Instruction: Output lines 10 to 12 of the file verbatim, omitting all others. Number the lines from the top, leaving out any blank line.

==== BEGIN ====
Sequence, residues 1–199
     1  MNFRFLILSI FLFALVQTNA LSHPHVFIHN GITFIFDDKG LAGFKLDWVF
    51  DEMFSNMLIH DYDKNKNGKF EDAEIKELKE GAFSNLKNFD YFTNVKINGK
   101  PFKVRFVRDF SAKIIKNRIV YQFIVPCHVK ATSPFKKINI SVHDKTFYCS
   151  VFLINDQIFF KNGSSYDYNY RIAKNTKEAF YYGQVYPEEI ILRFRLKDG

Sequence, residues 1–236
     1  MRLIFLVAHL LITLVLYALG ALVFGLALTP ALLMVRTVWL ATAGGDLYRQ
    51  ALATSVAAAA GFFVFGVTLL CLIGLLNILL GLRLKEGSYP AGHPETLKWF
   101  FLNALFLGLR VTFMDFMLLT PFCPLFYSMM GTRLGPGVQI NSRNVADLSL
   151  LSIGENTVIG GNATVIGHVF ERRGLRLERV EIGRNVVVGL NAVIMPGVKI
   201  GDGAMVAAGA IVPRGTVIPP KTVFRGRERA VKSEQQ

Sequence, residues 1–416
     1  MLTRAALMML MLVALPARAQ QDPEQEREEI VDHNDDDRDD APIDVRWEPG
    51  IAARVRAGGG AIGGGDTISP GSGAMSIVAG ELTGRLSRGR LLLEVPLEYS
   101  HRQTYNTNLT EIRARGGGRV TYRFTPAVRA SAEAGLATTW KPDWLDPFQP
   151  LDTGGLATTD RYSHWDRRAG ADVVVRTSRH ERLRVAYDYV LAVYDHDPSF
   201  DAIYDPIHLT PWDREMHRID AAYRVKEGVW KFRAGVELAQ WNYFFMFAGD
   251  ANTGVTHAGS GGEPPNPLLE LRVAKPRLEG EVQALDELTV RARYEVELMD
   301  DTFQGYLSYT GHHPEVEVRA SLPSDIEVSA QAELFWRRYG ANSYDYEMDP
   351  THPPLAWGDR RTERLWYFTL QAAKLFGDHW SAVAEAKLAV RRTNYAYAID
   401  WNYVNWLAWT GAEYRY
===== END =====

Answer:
   151  LSIGENTVIG GNATVIGHVF ERRGLRLERV EIGRNVVVGL NAVIMPGVKI
   201  GDGAMVAAGA IVPRGTVIPP KTVFRGRERA VKSEQQ

Sequence, residues 1–416